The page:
FIG. 7 is an illustration of the detail of an area judgment unit in the reversible compression unit shown in FIG. 5;

FIG. 8, consisting of FIGS. 8A and 8B are flow charts showing the flow of an embodiment of the data compression process in accordance with the present invention;

FIG. 9 is a flow chart showing the detail of the CG compression operation performed in Steps S407 and S415 in the flow shown in FIGS. 8A and 8B;

FIG. 10 is a flow chart showing the detail of the CG compression operation performed in Steps S407 and S415 in the flow shown in FIGS. 8A and 8B;

FIG. 11 is an illustration of the construction of a compressed data expansion apparatus embodying the present invention;

FIG. 12 is a flow chart showing the data expansion operation performed in the embodiment shown in FIG. 11;

FIG. 13 is a flow chart showing the detail of the process performed in Step S1404 of the flow shown in FIG. 12;

FIG. 14 is a flow chart showing the detail of the process performed in Step S1404 of the flow shown in FIG. 12;

FIG. 15 is an illustration showing the detail of the construction of ADCT in the embodiment shown in FIG. 11;

FIG. 16 is an illustration showing the detail of the construction of an adaptive Huffman encode unit;

FIG. 17 is an illustration of an example of data storage in a buffer memory of the adaptive Huffman encode unit;

FIG. 18 is an illustration of a threshold value table of the adaptive Huffman encode unit shown in FIG. 16;

FIG. 19 is an illustration of an example of the construction of a compression memory incorporated in the embodiment shown in FIG. 11;

FIG. 20 is an illustration of a segment information table in the embodiment shown in FIG. 11;

FIG. 21 is a flow chart illustrative of the operation for storing compressed data in the compression processing;

FIGS. 22A and 22B are illustrations explanatory of the difference between a flag system and a trigger system in a compression data hold unit;

FIG. 23 is an illustration showing the detail of the construction of an adaptive Huffman decide unit based on index;

FIG. 24 is an illustration of the data stored in a buffer memory of the Huffman encode unit;

FIG. 25 is an illustration showing the detail of the construction of an adaptive Huffman decode unit based on index, in a thirteenth embodiment of the present invention;

FIG. 26 is an illustration of the construction of a conventional ADCT compression apparatus;

FIG. 27 is an illustration of the construction of a conventional ADCT expansion apparatus;

FIG. 28 is an illustration of RGB data as an example of image data;

FIG. 29 is an illustration of YCrCb data after a sampling, the YCrCb data has been obtained through conversion of the RGB data shown in FIG. 28;

FIG. 30 is an illustration of DCT data obtained through DCT conversion of the data shown in FIG. 29;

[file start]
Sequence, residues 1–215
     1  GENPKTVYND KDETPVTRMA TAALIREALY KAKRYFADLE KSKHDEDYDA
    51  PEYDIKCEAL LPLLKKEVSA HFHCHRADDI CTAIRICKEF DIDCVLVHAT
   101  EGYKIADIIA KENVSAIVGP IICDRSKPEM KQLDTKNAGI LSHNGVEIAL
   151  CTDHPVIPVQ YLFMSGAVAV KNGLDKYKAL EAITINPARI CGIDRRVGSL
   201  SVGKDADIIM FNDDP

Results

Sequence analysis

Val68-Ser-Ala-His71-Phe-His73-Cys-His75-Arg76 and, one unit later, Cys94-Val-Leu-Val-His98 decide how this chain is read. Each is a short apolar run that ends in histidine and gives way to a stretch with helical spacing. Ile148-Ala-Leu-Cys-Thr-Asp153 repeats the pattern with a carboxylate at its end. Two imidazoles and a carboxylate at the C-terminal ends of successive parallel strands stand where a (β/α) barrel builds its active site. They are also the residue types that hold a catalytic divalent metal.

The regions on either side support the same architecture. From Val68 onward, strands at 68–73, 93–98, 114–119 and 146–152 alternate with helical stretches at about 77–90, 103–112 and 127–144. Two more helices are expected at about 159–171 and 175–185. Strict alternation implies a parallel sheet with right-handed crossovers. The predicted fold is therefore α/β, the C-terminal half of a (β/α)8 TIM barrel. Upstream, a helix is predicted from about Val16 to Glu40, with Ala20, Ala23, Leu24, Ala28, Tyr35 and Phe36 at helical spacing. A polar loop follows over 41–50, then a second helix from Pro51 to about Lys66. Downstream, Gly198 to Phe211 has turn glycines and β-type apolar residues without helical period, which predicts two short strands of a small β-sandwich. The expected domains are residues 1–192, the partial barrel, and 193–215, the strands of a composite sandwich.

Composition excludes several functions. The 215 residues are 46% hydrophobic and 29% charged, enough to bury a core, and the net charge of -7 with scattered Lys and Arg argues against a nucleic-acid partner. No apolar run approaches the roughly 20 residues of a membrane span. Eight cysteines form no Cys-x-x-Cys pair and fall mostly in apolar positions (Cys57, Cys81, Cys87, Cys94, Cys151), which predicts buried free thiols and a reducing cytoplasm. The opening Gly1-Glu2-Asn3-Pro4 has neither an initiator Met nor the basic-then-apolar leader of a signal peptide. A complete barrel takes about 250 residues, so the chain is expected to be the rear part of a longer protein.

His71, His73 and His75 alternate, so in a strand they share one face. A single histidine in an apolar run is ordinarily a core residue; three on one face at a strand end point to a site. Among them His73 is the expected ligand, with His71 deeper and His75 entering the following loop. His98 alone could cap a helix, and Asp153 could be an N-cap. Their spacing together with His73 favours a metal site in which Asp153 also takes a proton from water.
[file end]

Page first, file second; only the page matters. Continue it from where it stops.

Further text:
FIG. 31 is an illustration of quantized data obtained by quantizing the data shown in FIG. 30;

FIG. 32 is an illustration of the DCT data obtained by inverse quantization of the data shown in FIG. 31;

FIG. 33 is an illustration of YCrCb data obtained through inverse DCT conversion of the data shown in FIG. 32;

FIG. 34 is an illustration of a process in which the data shown in FIG. 33 is interpolated and converted into RGB data;

FIG. 35 is an illustration of an example of a quantizing table;

FIG. 36 is an illustration of a zig-zag scan;

FIG. 37 is an illustration of an example of data stored in the buffer memory shown in FIG. 25;

FIG. 38 is an illustration showing the details of the construction of an adaptive Huffman encode unit based on index;

FIG. 39 is an illustration of an index table shown in FIG. 38;

FIG. 40 consists of FIGS. 40A and 40B showing illustrations of an arrangement for realizing interpolation performed in the thirteenth embodiment;

FIG. 41 is an illustration of the order of entry of image data into a vertical-direction interpolation circuit;

FIGS. 42A and 42B are illustrations of pixel data and attribute data of a natural image;

FIGS. 43A and 43B are illustrations of pixel data and attribute data of a CG image;

FIGS. 44A and 44B are illustrations of pixel data and attribute data of a mixed image including a natural image and a CG image;

FIGS. 45A and 45B are illustrations of pixel data and attribute data of a mixed image including a natural image and a CG image;

FIGS. 46A and 46B are illustrations of pixel data of natural-CG mixed image after a vertical-direction interpolation and attribute data of the natural-CG mixed image after a horizontal-direction interpolation;

FIGS. 47A and 47B are illustrations of pixel data of natural-CG mixed image after a horizontal-direction interpolation and attribute data of the natural-CG mixed image after a vertical-direction interpolation;

FIG. 48 is a flowchart of an algorithm employed in the thirteenth embodiment;

FIG. 49 is an illustration of the order of entry of image data into horizontal-direction interpolation circuit;

FIG. 50 is an illustration of another arrangement for realizing the interpolation processing performed in the thirteenth embodiment;

FIG. 51 is an illustration of an arrangement which uses a double memory of memory 563;

FIG. 52 is a block diagram schematically showing the construction of a data compression apparatus as a fourteenth embodiment of the present invention;

FIG. 53 is a block diagram showing the detail of the construction of an area judgment unit in the embodiment shown in FIG. 52;

FIG. 54 is a block diagram showing the detail of the construction of a data processing circuit in the unit shown in FIG. 53;

FIG. 55 is a block diagram showing the detail of the reversible compression unit in the data compression apparatus shown in FIG. 52;

FIG. 56 is a block diagram showing the details of the construction of an ADCT processing unit in the data compression apparatus shown in FIG. 52;